While many faux finishes merely create the illusion of texture, some actually build the surface up. A tissue paper wall treatment leaves your wall with a three-dimensional, wrinkled pattern. Unlike wallpaper, which uses a water-soluble adhesive, the acrylic medium securing a tissue paper faux finish is permanent. The removal of this surface requires a lot of elbow grease and creates a significant amount of dust. Investing in an electric sander will make the job go a lot faster.
Things You'll Need
Plastic drop cloths
Wallpaper scraper or wide putty knife
Precut 40- to 80-grit sandpaper
Cover the floors with disposable plastic drop cloths. Tack up a plastic sheet in front of the door to keep dust out of the rest of your house. Insert the tacks into the top edge of the door frame, where they will not leave visible holes.
Wear goggles while sanding the wall. Place a dust mask over your mouth and nose. Squeeze the mask's metal strips along the side of your nose to ensure a good fit.
Scrape off as much of the tissue paper as possible with a wallpaper scraper or a wide putty knife. Take care not to gouge the walls.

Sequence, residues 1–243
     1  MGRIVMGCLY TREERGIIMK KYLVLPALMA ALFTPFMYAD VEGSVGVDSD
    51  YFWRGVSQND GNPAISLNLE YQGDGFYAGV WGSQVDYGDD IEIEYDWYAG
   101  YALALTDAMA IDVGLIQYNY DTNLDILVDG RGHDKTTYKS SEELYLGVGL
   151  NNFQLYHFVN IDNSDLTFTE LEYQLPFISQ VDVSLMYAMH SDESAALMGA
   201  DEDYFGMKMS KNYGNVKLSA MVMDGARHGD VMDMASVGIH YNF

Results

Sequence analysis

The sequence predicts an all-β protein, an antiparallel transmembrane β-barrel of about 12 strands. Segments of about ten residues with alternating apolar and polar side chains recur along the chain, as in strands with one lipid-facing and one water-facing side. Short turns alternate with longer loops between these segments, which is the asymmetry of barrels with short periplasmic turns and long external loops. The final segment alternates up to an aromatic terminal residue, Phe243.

Sand the walls with a palm sander. Use coarse-grit sandpaper. Run the sander in a horizontal direction, then sand in a vertical direction. Touch the wall from time to time to check on your progress. Change the sandpaper frequently. The grit wears down quickly, making the sander less effective. Sand any areas that the palm sander can't reach with a sanding block.
Wipe down the walls with damp ramps. Rinse the rags frequently with clean water. Mist the room with a spray bottle filled with water to help settle the dust.
Carefully gather up the edges of the plastic drop cloths to contain the dust. Be careful not to stir up dust unnecessarily. Place the drop cloths in a garbage bag.
Place a fan in a window to help vent the room. Position the fan to blow outward.
Do not sand any painted surfaces that may contain lead. Do a lead test if you are unsure.